Rooibos for diabetes

Consuming too many sweetened drinks also results in weight gain, which in turn, increases the likelihood of diabetes. Zero- or low-calorie drinks are typically recommended for diabetics to keep blood sugar in check. This makes Rooibos tea ideal since it’s calorie-free and has a naturally sweet taste, meaning no sweeteners are necessary. Rooibos contains active compounds that can help control blood glucose while lowering inflammation.”

Blood glucose levels

“A unique phenolic compound found only in the Rooibos plant species, called aspalathin, may also help to improve blood glucose levels. Green Rooibos, which is more abundant in aspalathin, is also effective at lowering raised blood glucose levels in animal studies.

In these studies, aspalathin, improved insulin activity, the hormone that controls blood sugar levels, by reducing inflammation and oxidative stress, which are both causal factors that underlie the development of type 2 diabetes and cardiovascular disease.”

“Rooibos also protects the heart by suppressing vascular inflammation and atherosclerosis (plaque build-up inside artery walls) that occurs as a result of high blood sugar levels,” Muller explains.

Exercise and diabetes

Harvard Health Publishing explains that the general benefits of exercise are undisputed. However, there are added benefits for people living with diabetes.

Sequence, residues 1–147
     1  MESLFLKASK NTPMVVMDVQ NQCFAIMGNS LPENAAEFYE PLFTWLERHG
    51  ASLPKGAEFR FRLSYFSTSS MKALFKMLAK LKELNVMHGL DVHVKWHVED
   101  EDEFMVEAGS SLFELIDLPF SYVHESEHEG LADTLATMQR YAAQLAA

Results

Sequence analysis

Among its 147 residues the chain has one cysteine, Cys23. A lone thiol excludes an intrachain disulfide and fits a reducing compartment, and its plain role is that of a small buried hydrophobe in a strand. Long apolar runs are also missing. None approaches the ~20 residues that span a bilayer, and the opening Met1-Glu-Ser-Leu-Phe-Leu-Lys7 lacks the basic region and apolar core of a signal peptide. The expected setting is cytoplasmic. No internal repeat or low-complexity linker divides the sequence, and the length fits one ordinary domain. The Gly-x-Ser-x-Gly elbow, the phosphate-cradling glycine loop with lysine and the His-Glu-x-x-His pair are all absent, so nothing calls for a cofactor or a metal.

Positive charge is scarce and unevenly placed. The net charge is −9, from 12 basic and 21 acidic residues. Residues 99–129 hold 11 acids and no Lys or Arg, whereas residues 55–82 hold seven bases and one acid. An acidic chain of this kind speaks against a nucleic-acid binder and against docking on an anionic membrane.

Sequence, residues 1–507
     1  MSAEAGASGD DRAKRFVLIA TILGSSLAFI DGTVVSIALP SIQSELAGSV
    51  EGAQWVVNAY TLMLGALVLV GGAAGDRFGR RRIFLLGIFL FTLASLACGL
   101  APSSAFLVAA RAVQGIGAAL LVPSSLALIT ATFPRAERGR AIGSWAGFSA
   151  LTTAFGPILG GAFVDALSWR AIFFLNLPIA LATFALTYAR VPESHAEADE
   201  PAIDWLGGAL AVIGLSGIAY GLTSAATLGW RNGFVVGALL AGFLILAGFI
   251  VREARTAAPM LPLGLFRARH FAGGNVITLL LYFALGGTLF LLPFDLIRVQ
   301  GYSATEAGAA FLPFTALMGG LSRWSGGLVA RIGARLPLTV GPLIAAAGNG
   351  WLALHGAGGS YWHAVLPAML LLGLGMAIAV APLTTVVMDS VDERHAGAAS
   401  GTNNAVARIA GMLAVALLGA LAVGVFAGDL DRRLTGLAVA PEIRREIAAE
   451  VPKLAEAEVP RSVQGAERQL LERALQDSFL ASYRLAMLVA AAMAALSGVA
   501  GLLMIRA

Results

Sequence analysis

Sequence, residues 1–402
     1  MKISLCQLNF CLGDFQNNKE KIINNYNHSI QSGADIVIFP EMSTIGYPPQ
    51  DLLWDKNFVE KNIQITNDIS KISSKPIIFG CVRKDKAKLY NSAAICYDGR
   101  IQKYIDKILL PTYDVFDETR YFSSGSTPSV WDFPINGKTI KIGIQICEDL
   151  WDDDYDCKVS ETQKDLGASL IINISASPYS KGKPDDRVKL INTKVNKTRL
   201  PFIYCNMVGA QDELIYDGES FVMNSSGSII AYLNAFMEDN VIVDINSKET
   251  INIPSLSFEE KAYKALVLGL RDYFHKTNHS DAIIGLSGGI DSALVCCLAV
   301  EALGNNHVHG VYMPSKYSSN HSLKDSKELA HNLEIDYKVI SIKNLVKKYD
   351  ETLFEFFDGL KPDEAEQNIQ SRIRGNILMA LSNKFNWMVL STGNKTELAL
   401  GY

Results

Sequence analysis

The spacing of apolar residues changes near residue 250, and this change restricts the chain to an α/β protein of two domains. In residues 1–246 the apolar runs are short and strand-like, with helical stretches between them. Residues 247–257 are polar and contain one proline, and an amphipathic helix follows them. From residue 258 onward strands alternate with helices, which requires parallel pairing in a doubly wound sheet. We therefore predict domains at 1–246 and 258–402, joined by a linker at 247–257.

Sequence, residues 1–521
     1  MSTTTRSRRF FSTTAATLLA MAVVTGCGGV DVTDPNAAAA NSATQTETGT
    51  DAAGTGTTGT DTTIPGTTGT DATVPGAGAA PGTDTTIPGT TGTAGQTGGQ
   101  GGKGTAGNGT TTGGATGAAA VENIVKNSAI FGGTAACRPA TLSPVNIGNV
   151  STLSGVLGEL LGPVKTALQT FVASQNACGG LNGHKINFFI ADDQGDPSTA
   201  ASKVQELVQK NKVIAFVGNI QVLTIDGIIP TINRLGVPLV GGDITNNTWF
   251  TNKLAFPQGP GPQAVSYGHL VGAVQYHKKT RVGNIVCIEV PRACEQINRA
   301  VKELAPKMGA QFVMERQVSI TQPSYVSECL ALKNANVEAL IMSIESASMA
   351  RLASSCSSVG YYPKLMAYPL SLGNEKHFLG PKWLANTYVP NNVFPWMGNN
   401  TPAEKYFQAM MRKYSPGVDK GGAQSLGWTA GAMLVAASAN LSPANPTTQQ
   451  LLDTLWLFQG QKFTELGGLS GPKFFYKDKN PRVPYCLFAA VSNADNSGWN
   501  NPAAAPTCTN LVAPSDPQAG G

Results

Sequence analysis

“Exercise lowers blood glucose levels and boosts your body’s sensitivity to insulin, countering insulin resistance.”  – Harvard Health Publishing

Take care of your feet and eyes

Around 50% of people with diabetes suffer from nerve damage, which happens when glucose levels are too high. Nerve damage can affect wound healing and the health of your feet and eyes.

Monitor your foot hygiene regularly, especially if a wound is not healing. Visit a podiatrist to ensure your feet remain healthy.  In addition, regular eye tests are essential.

Monitor your medication

Medication helps manage the disease by managing insulin levels. Set a reminder on your phone to  help you take your medication on time as well as pick up your prescription.

4 Point Emergency  Incident Checklist

A diabetes emergency can happen at any time.  Here’s a practical checklist for needing to help in a diabetes emergency:

  1. Give them something sweet to eat or drink to help raise their blood sugar. A teaspoon of honey, sweet, or a sip of sweet juice.
  2. Test their blood sugar levels
  3. If there is no improvement, give the person another sweet, wait a few minutes, and test again
  4. If the test shows no improvement seek medical advice immediately!


World Health Organization:

South African Medical Review Council on diabetes care:

Harvard Health Publishing:


Em Sloane

I am an introverted nature lover, and long time contributor to My role is to publish the information in a consumer friendly format, which we receive on the latest medical news, press releases and general information on the latest longevity related research findings.

The content in this editorial is for general information only and is not intended to provide medical or other professional advice. For more information on your medical condition and treatment options, speak to your healthcare professional.